However, I find that Apple’s suggestions for me based on my collection are kind of crappy. Just because I have one Guns & Roses song on my iPod does not mean I want buying suggestions about other awful hair bands from the 90’s.


Dude, the only true hair bands formed in the 80’s (Stryper Rulez!)


Seriously, though, they do need a better way of finding “related” songs….

Posted by Jon Bon Jovi (not really) on January 18, 2006 at 2:16 PM (CST)

16

Amazon creates a page just for me based on what I’ve purchased. Staples tracks my office supplies and offers quick ordering. Audible recommends audiobooks. BMD offers CDs. NetFlix knows what DVDs I watch. eBay knows what I’m looking for and what I buy. PayPal knows what organizations I donate to monthly.

Credit card companies want to hear my voice when I make a decent sized purchase 500 miles away from home and didn’t use that card to buy gas to get there. TransAmerica knows more about how I pay my bills than Quicken on my desktop. The toll road administration knows which toll booth I passed last Tuesday at 7:14am and used my electronic iPass. The premium credit cards offer me a year end summary of where I spent my money. My name shows up in “Amazon Pay” donation boxes on non-Amazon sites asking for money.

I don’t particularly remember giving explicit permission for all this data collection.

You want to get upset? Send me your cellphone number, then for $85 I can go online and in four hours, get a list of the calls you made last month.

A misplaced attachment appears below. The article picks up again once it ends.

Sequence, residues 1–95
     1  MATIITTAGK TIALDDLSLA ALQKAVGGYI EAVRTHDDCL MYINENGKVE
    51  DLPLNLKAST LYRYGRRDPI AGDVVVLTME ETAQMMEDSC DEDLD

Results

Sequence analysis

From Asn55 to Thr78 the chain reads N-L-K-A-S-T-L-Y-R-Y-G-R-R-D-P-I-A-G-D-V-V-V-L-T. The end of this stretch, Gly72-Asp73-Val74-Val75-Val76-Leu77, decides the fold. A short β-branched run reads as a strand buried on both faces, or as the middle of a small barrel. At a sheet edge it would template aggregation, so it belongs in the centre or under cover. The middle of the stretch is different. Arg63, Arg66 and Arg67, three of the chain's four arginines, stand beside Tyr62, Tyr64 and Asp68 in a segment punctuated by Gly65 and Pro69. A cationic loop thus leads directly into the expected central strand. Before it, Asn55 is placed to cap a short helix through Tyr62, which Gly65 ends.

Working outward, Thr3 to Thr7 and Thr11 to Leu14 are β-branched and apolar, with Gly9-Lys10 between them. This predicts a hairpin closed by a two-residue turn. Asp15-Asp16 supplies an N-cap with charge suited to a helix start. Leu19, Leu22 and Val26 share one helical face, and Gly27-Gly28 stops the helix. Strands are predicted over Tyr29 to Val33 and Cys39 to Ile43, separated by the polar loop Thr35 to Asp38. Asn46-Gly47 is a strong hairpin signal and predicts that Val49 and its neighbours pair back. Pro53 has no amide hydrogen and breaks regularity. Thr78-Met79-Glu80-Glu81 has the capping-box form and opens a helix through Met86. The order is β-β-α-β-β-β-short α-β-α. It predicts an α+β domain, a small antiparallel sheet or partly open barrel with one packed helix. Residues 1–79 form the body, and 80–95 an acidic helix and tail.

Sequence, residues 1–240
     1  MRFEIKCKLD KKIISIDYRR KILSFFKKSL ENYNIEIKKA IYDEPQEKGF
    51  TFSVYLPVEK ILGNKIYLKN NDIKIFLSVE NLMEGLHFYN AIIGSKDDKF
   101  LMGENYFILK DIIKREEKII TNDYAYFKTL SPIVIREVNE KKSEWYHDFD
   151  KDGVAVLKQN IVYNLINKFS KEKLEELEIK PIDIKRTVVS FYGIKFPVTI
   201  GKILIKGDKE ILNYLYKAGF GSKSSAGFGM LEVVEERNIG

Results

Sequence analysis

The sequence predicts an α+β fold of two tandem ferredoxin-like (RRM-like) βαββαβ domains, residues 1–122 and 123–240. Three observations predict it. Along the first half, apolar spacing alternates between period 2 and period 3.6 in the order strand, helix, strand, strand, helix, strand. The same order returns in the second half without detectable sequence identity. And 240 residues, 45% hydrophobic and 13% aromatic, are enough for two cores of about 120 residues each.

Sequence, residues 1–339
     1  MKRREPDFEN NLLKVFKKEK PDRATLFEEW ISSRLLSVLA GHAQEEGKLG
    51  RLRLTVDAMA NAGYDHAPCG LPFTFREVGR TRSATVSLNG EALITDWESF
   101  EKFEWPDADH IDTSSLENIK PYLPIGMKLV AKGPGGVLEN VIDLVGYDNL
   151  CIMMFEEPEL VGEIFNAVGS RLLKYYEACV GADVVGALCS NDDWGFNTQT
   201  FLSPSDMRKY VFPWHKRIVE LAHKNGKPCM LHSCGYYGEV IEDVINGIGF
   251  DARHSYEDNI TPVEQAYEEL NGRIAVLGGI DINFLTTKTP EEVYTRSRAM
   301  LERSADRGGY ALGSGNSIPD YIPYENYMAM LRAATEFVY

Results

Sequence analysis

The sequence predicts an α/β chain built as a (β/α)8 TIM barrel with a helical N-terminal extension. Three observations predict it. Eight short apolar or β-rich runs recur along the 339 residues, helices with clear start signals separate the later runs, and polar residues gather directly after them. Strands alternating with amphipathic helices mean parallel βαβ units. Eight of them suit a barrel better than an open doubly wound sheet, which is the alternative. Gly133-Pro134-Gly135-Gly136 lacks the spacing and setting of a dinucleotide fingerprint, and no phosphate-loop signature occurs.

Use Skype to call your significant other vacationing in France and tell them about your co-worker who “went nuclear” when they changed his lunch hour and when the NSA knocked on your door.

Go after those who use or sell your info for nefarious purposes. Demand Congressional oversight of wiretaps and laws protecting your information from being used against you, and penalties for those fools who loaded your credit card numbers on the laptop they left at the airport.

Posted by fracas_futile on January 18, 2006 at 2:33 PM (CST)

17

My problem is with Apple sending info to a 3rd party (Omniture) for some unexplained reason.

Posted by Shane Hendricks on January 18, 2006 at 3:11 PM (CST)

18

If listen to Alternative Rock,Broadway,Vocalists,Children’s Music,Gospel,Classic,Rock,Classical,Country,Dance,DJ,Folk,Hard,Rock,Metal,Imports,Indie Music,Jazz,Latin,New Age,Opera,Vocal,Pop,R&B,Rap,Hip-Hop,movie Soundtracks and X-mas music. Should i be scared?

Posted by bond2kill on January 18, 2006 at 3:21 PM (CST)

19

Second, this information is being processed by another company, Omniture, which is a marketing company, and no one knows what they do with it. - from an article called ‘The iTunes MiniStore Debacle: What Apple Did Wrong’ by Kirk McElhearn

(http://www.mcelhearn.com/article.php?story=20060112110630773) link courtesy of BJ Nemeth (thanks for the illuminating story)

I’m with Shane Hendricks and McElhearn on this one; why should a third-party company have access to ANY of this information? 

Apple may not keep this data, but who says they need to if Omniture does it for them?  I’m not saying that Omniture does keep that data, but they ARE a marketing company, so who outside of Apple and Omniture really knows? None of this was ever spelled out in the 6.0.2 EULA. And certainly no one agreed to any sort of EULA with Omniture, as far as I can see.

So as I said in the last go-around, you can have no problem with this. Or you can claim spyware/adware.  Your choice, based upon how blindly you’re willing to let things go.

BTW, what does ‘Hide MiniStore’ really mean?  A curious choice of wording if it’s supposed to mean ‘disable’ MiniStore.

Posted by flatline response on January 18, 2006 at 3:49 PM (CST)

20

Oh my God, they know what music I listen to! It’s the end of the world as we know it!

Seriously people, get over it. So what if they find out you have a guilty pleasure for Hilary Duff, it’s not like they’re going to tell everyone you know or broadcast it on TV.

Posted by Rene on January 18, 2006 at 4:11 PM (CST)